Concordia BoG Makes Cohort Pricing Proposal Public

Board of Governors Set to Approve Plan That Proposes Tuition Increases of Seven, Nine Per Cent

  • Students held a banner denouncing the possible implementation of cohort pricing and tuition increases for international undergraduate students in deregulated programs at the Concordia Senate meeting on Friday. Photo Kelsey Litwin

  • A screenshot from Concordia’s proposal that compares the tuition of the university to others in Quebec. Courtesy of Concordia University

  • A screenshot from Concordia’s proposal that compares the tuition of the university to others in Quebec. Courtesy of Concordia University

  • A screenshot from Concordia’s proposal that compares the tuition of the university to others in Quebec. Courtesy of Concordia University

The proposal for Concordia’s cohort pricing plan for international undergraduate students in deregulated programs was made public Monday morning.

This story has been updated.

The Concordia Board of Governors will vote Wednesday on potential tuition hikes for students in certain deregulated programs.

In 2008, the Quebec government deregulated engineering and computer science, business, science, mathematics and administration.

If the plan were approved, starting next year, incoming students in engineering and computer science would pay tuition rates nine per cent higher than they are now. New students in business and science would see an increase of about seven per cent.

The university explains that students would continue to pay these amounts for the duration of their degrees, or four years for 120 credits. When asked about students who may take longer to finish their degrees, university spokesperson Chris Mota explained that their tuition will remain that of their initial cohort, albeit “subject to some conditions.”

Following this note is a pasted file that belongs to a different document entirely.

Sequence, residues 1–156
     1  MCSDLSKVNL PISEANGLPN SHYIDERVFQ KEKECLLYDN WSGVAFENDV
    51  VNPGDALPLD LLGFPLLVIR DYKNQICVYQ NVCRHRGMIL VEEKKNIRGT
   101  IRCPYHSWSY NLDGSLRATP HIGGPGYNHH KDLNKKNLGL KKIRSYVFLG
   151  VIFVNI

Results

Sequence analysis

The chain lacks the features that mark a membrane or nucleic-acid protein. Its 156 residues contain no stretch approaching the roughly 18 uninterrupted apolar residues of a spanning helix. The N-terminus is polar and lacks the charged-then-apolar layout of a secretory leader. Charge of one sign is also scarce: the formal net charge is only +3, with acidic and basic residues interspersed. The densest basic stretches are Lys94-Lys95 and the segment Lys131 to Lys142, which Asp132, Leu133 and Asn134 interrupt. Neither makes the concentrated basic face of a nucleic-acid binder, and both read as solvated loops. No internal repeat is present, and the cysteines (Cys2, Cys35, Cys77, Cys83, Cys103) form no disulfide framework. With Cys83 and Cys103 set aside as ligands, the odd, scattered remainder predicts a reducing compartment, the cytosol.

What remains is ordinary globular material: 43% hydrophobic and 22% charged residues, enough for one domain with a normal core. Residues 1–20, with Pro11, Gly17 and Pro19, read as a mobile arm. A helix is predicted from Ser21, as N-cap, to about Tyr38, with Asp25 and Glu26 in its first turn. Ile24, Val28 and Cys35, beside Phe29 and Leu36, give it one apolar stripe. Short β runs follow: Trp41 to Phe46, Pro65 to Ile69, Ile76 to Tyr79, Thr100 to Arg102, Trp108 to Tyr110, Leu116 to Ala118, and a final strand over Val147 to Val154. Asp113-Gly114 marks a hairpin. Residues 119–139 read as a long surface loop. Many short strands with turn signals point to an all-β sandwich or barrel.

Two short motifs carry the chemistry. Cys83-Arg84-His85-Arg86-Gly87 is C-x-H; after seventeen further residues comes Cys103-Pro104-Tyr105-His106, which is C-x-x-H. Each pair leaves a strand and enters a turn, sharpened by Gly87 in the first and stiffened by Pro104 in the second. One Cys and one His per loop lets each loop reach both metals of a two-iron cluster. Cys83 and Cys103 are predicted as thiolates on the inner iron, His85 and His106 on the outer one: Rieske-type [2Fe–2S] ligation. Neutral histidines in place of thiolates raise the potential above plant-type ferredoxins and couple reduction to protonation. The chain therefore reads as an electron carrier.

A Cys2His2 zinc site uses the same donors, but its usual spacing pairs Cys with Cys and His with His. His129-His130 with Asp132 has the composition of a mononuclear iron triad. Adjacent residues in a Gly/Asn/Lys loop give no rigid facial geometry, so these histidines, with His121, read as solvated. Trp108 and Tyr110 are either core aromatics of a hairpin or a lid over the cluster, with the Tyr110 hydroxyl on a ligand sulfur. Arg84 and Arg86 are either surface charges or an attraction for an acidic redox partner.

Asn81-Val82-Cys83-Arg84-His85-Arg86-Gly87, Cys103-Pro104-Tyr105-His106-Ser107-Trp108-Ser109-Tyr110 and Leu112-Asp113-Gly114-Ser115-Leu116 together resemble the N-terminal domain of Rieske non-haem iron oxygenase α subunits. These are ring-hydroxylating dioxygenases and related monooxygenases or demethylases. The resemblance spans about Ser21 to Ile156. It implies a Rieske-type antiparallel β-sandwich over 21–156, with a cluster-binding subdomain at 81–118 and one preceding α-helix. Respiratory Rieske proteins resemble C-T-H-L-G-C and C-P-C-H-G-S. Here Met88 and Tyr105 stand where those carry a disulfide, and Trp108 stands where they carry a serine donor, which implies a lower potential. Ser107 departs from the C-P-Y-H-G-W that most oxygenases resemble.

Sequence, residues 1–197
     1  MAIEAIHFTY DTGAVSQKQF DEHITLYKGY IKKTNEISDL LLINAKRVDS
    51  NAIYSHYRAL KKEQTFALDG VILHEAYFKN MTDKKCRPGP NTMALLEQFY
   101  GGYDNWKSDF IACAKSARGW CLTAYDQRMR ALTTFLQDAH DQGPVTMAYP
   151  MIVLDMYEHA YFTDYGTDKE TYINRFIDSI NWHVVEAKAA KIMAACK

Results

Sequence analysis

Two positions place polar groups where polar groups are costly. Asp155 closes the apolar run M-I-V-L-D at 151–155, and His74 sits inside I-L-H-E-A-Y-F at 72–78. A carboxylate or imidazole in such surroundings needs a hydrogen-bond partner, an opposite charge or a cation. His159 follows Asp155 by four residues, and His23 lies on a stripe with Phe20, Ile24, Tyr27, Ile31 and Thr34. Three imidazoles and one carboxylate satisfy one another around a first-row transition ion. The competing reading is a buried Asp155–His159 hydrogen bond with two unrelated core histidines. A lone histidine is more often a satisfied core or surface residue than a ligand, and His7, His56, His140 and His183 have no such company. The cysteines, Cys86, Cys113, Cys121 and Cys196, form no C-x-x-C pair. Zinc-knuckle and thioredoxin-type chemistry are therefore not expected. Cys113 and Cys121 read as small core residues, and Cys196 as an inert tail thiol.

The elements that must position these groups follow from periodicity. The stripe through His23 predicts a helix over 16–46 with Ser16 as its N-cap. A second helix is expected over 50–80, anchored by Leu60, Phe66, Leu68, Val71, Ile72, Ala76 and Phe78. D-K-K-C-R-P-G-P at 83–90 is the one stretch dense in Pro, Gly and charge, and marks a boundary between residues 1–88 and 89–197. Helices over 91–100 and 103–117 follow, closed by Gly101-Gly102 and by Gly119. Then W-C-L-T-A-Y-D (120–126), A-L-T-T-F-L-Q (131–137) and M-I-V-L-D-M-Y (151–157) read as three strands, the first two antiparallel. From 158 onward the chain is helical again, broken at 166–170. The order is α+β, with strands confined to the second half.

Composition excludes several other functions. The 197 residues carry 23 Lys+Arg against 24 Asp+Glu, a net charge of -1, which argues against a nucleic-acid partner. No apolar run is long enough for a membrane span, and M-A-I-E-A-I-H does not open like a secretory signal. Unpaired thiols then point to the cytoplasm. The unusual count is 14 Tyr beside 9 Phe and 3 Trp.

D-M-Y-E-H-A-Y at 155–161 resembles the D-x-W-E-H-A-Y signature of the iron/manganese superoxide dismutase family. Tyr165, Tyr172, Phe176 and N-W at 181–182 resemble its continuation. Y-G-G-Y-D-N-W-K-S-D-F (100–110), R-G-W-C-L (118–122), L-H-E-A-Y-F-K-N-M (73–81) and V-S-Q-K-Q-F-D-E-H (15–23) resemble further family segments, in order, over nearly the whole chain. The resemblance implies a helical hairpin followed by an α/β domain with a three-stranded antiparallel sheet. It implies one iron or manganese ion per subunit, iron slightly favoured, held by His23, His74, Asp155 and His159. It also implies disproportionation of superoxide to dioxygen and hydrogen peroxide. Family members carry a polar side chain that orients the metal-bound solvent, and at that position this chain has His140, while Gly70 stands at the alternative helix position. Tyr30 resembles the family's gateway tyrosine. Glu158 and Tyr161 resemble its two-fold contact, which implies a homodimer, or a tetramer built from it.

They are toting stability as one of the benefits of cohort pricing.

The proposal states they found that international students find guaranteed tuition to be a key factor in choosing a university after a series of surveys conducted in 2012, 2014 and 2016.

The document also reasons that higher tuition rates increase the perceived prestige of the institution, keeping the university competitive.

Mota said in an email that this assumption is based off international recruiters reporting that “students and their parents make a direct correlation between tuition levels and the perception of higher quality.”

“I think students care much more about being able to go to university than the prestige they may get based on how much they’re paying for it,” said Concordia Student Union representative Lucinda Marshall-Kiparissis.

“There are a myriad of ways for the university to advertise the quality of its programming beyond deciding that if it’s more inaccessible, than it’s more prestigious or elite. It’s a mind boggling argument,” she said.

Kiparissis also explained that since the documents were released, the CSU has been trying to build projections as to what increases can look like for future cohorts.

“The only thing we can go in is that it’s jumping from [nine per cent] between this year and next year for engineering, that they’re going to do that every year. If it’s jumping seven per cent for business, then it’s going to do that every year. If it’s jumping seven per cent for [sciences], then it’s probably going to do that every year,” she explained. “But we can only make assumptions because we’re not being provided with this information.”

She also pointed out that these increases are comparable to what students protested against in 2012.

The Board of Governors meeting is at 4:00 p.m. on Wednesday, Dec. 14. An observer’s room has been set up in MB-1.210 as non-governors are barred from the meeting.

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